Your credit score plays a significant role in helping you get approved to rent a house in Fort Collins. A good credit score will ensure that application doors stay open, while a bad credit score may force you to open a window. It is not impossible to rent a nice home with bad credit However, it can make things a little more challenging or even limit your options. Thankfully, there are tips for you to improve your credit score and rent a better home.
Why Is a Credit Score Important for Renting an Apartment?
Your credit score and credit report are an important factor of a rental application and typically a requirement to rent a house or apartment. The information behind both items provides property managers and landlords with key insight into your history of financial responsibility and helps them to determine if you would be a reliable choice for their property.
When a property manager does a credit check on an applicant, they gain access into their bill payment history including any patterns of late or missed payments. It also provides them with information on foreclosures, repossessions, credit card balances, and personal loans, all of which play a role in determining if you could be trusted with their home and investment.
Can You Rent a Home With Bad Credit?
Having bad credit won’t automatically disqualify you from finding a nice home, but it can create an obstacle. Property managers don’t expect for every applicant to have a perfect credit history, but they will expect an explanation as to why your credit score is low. Thankfully there are many ways to deal with bad credit when renting such as being honest, finding a co-signer, paying in advance, or bringing references.
Ways to Improve Your Credit Score
The best thing you can do to help you rent a house in Fort Collins or elsewhere is to take action toward improving your credit score. The higher your credit score is, the more likely it is that you will be approved for the home you want. According to what was said by Experian, a good credit score is one of 670 or higher. If your credit score falls below that mark, here are a few simple things you can do to help raise it.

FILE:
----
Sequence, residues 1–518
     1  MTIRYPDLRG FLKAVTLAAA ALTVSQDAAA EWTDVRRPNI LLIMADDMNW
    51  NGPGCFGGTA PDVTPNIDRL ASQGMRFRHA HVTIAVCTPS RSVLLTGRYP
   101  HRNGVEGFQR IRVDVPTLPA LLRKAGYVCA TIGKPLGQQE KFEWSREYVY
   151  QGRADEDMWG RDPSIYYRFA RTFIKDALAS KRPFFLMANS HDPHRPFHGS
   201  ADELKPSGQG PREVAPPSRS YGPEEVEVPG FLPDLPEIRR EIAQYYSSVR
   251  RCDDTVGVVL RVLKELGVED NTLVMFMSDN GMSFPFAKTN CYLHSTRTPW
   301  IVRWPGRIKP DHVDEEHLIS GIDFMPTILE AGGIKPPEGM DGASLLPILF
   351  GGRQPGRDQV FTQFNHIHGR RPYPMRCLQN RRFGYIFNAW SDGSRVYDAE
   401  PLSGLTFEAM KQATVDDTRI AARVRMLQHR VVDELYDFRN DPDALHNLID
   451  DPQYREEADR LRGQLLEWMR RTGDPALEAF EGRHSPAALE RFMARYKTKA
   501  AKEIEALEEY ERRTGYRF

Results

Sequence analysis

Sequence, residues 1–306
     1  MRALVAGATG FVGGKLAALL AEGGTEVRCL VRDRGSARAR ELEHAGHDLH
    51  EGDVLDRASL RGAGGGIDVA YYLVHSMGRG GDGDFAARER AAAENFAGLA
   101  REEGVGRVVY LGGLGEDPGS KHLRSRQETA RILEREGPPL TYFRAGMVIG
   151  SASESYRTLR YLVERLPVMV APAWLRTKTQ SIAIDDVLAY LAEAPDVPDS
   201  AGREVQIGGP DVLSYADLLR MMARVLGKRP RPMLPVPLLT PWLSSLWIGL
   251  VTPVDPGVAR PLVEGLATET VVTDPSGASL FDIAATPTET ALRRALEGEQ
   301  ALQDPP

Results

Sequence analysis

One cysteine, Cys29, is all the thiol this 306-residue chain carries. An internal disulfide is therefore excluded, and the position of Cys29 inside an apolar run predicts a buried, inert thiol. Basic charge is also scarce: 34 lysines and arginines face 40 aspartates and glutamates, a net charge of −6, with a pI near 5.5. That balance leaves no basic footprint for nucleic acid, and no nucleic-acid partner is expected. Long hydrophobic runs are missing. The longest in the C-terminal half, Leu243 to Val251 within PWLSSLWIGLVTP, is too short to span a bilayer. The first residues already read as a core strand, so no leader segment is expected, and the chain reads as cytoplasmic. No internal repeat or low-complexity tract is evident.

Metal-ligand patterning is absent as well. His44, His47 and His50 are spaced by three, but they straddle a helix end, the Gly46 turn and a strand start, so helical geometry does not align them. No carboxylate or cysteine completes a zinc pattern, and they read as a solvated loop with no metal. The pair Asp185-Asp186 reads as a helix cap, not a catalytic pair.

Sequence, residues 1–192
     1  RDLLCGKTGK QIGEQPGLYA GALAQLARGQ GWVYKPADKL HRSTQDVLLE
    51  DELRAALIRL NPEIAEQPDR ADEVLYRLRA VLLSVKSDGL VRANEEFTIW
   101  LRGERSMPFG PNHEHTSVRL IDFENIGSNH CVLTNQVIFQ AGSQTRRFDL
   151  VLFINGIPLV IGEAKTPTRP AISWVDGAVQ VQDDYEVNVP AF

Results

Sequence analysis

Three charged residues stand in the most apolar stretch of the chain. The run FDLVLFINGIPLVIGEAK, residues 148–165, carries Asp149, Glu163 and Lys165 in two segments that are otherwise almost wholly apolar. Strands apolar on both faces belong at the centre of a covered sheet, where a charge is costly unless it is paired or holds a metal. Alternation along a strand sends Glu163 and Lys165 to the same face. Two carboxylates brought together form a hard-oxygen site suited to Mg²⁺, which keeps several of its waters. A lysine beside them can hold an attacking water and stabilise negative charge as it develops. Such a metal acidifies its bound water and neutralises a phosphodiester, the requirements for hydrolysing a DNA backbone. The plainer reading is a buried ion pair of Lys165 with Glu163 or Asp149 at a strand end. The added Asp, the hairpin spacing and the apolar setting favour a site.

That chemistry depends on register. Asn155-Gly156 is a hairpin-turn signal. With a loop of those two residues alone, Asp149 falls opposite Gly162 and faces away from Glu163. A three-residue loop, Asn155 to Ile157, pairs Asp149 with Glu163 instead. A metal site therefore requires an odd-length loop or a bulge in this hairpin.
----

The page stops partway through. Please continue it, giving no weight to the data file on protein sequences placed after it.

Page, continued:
1. Check That Your Credit Reports Are Accurate
It is possible for errors to appear on your credit report. If your credit score is lower than you think it should be, start by checking your credit report for unresolved errors, mistakes, or discrepancies. You can request credit reports from the three main credit reporting agencies, Experian, Equifax, and TransUnion. Check carefully for any incorrect information or items you don’t recognize and dispute those quickly.
2. Pay Bills On Time
Late or missed payments on rent, utilities, credit cards, loans, phone bills, and more can all have an impact on your credit score. Be careful to pay every bill on time. An easy way to make sure you don’t forget a payment is to opt for automatic withdrawal from your account. If you don’t feel comfortable with that, try setting a reminder in your phone.
3. Pay Down Your Debt
An important factor of your credit score is your credit utilization ratio. This is the amount of revolving credit you use divided by the amount of credit you have total. A higher credit utilization rate shows that you have used up a significant amount of your available credit and likely have higher monthly payments on your debt. The lower your credit utilization rate, the lower the amount of debt you have and the more of your income is available for on-time rent payments.
4. Keep Credit Card Balances Low
If your low credit score wasn’t caused by higher debt amounts, you should be careful to keep the balances on any open credit card low. Keeping balances low will ensure that your credit score isn’t affected by a high credit utilization rate.
5. Open New Credit Card Accounts Wisely
If you have no credit, getting a credit card can help you build up your credit history. Low balances that are paid off on time every month can help to improve your credit score, but be careful that you don’t abuse new credit accounts. If you struggle to manage credit cards wisely or have a bad credit score already, avoid applying for new credit cards of any kind. Applying for a credit card will create an inquiry on your credit report that could hurt your score rather than help it.
6. Don’t Close Unused Or Paid Off Credit Cards
Don’t celebrate your last credit card payment by calling to cancel the card. Keeping unused or paid off accounts open can actually help to improve your credit utilization ratio by showing a lower amount of debt compared to your total amount of available credit.